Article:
Taxpayers expect to lose in L&G tax rebate settlement
The withdrawal of life assurance premium relief in March 1984 prompted a flurry of activity from L&G processing staff. Thousands of claims were rushed through before midnight on 13 March in a bid to ensure that new policy holders would enjoy the tax break.
The dispute arose because L&G altered its processing criteria, including the need for a letter of acceptance from the insurers, to enable rapid registration. L&G claimed it acted in the best interests of customer care.
But the Inland Revenue argued that L&G’s unilateral decision to assume potential customers had wanted to go-ahead with the policy meant the contract was incomplete.
The current batch of claims are for the eight years between 1984 and 1991.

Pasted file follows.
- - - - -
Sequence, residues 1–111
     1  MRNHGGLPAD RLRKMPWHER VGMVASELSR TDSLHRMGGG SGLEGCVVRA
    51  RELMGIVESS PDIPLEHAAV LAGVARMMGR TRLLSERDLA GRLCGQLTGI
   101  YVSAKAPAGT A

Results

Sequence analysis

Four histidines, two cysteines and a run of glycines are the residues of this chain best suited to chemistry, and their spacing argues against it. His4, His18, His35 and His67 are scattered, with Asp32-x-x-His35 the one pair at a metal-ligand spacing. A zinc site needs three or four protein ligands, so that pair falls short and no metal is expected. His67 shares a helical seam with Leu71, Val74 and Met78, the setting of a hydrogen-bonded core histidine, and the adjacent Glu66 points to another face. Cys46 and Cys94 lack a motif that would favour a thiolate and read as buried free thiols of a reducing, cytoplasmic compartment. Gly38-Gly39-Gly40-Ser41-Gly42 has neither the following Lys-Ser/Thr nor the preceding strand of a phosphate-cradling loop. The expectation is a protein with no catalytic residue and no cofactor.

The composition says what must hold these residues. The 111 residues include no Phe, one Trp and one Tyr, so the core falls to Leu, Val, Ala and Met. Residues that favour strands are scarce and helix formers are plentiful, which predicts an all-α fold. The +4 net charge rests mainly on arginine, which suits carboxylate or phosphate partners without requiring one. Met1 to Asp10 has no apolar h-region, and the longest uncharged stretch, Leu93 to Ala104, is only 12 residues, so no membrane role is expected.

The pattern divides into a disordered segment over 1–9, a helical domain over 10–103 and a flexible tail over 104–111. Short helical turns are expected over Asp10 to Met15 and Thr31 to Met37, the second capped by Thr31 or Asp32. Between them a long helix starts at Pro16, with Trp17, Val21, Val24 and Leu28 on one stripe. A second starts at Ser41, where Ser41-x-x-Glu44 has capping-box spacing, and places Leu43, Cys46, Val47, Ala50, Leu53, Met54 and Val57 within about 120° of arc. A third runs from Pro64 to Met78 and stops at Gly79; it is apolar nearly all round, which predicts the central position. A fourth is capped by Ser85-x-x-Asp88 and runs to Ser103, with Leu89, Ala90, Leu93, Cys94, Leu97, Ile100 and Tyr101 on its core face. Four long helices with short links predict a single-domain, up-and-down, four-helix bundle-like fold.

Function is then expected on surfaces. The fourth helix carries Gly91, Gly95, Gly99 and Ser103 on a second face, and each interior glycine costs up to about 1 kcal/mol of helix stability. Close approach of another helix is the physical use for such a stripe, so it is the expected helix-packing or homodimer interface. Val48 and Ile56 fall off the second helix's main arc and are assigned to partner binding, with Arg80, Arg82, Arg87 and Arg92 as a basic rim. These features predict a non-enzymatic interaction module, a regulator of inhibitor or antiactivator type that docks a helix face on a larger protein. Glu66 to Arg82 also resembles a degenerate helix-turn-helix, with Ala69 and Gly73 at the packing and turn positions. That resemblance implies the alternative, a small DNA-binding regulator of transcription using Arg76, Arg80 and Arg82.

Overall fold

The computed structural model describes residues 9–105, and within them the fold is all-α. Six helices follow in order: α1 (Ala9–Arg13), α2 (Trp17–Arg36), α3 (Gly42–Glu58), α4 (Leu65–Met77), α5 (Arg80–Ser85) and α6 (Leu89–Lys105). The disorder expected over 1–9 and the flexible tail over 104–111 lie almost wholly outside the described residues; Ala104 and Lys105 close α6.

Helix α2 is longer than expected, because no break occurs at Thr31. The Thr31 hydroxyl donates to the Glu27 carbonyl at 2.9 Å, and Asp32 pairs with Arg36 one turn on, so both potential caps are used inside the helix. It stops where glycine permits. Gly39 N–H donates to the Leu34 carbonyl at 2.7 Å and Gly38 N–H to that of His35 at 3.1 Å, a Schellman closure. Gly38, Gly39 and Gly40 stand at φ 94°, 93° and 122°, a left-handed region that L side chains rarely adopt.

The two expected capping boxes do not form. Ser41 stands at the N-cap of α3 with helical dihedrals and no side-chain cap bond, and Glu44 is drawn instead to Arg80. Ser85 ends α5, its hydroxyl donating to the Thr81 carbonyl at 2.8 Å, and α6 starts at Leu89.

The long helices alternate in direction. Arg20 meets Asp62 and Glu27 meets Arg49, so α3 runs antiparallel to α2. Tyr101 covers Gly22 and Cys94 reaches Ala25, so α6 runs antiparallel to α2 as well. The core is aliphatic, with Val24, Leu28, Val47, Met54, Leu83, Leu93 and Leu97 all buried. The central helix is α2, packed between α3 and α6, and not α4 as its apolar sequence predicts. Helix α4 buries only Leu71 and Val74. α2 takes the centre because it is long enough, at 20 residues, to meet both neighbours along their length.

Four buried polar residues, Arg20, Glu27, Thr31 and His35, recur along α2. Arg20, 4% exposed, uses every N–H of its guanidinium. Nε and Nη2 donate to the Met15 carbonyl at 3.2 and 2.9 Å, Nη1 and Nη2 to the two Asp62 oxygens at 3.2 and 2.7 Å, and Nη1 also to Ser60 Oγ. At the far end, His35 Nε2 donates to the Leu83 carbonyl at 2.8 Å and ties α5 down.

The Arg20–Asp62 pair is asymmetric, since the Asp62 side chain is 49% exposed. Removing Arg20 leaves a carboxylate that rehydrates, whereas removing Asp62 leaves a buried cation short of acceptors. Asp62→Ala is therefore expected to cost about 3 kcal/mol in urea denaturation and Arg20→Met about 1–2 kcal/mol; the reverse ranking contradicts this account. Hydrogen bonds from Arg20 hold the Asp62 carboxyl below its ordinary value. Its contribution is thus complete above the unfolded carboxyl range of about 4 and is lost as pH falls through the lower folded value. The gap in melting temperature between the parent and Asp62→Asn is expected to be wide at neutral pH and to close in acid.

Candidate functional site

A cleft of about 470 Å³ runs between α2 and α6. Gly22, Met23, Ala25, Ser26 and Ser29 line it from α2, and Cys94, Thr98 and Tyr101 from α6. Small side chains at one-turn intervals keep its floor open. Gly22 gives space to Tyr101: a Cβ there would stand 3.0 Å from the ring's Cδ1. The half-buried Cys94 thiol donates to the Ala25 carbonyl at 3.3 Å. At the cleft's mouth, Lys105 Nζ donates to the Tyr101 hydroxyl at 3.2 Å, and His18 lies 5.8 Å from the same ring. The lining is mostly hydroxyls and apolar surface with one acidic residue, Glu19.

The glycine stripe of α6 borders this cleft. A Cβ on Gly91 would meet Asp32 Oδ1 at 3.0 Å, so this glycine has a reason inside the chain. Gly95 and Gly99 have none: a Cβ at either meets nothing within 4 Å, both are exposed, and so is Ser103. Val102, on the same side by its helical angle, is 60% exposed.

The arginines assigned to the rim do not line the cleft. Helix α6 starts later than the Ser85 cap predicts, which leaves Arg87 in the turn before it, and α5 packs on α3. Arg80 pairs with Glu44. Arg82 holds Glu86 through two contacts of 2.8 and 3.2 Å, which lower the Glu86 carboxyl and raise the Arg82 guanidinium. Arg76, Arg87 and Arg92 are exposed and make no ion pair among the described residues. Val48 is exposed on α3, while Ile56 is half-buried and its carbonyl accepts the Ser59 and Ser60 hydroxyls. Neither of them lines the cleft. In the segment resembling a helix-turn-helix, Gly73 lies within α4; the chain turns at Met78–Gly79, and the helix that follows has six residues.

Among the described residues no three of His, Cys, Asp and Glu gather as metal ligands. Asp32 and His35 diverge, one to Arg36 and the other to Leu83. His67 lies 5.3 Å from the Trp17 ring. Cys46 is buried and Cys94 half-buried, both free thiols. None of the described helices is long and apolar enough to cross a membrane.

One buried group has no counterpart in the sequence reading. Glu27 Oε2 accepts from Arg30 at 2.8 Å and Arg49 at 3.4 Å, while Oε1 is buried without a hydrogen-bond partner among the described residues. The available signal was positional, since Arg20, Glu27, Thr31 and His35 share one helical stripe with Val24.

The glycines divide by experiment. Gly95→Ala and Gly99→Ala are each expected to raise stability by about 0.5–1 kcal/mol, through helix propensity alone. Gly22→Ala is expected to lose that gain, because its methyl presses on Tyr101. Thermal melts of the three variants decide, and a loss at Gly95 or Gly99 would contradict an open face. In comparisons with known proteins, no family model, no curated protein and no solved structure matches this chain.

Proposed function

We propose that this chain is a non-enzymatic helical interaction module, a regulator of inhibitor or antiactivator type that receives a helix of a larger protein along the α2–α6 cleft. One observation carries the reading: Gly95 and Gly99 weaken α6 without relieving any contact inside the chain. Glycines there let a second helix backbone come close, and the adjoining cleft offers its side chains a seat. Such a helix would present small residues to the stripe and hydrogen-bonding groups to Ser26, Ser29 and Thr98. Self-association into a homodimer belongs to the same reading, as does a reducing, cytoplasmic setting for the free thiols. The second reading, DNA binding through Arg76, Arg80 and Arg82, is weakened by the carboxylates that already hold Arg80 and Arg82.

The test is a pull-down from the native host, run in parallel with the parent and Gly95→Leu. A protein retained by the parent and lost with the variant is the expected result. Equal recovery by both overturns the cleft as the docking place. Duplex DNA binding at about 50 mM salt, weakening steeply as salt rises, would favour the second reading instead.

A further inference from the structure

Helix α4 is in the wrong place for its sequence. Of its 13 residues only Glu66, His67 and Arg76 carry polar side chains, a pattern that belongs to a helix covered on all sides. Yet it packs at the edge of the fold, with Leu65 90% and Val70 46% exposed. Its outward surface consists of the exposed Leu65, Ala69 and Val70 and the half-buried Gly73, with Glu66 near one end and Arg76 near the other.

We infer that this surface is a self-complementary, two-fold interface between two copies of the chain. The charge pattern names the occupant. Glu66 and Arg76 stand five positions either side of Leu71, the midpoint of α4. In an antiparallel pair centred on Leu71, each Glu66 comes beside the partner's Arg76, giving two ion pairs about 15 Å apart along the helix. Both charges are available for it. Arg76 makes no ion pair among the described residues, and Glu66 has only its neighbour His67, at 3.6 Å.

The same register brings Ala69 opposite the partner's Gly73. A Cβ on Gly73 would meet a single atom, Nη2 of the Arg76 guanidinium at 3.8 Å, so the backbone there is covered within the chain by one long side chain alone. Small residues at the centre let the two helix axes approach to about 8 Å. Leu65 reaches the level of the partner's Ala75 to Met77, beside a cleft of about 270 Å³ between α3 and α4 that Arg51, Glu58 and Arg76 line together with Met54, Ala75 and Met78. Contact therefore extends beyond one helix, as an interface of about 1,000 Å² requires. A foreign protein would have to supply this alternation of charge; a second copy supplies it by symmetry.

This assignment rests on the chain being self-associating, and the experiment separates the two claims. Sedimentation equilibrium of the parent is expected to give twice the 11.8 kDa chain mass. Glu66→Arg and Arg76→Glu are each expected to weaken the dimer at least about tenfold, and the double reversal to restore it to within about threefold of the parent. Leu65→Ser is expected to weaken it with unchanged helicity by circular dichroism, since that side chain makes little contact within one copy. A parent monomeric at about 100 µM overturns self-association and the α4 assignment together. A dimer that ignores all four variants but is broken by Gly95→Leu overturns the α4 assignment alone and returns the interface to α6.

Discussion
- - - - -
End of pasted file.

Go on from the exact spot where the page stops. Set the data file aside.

Special commissioner Thomas Everett adjourned his hearing to allow the two parties to reach agreement. A meeting is planned between L&G and the Revenue to resolve any outstanding issues.
Everett said: ‘Such a unilateral act on the part of the society, not communicated to the policy proposers or their agents cannot be construed as an action completing the contracts in question.’
He continued: ‘Some action by its (the policy’s) proposer is necessary in these cases to complete the contract of insurance either expressly or by conduct.’
Ernst & Young insurance tax partner, David Arnold, said most similar cases had already been settled. ‘I was surprised that this case is still going on after 12 years as the Revenue was very quick to look at cases at the time. Every case would be slightly different as each society would have used a different method to speed up its processing.’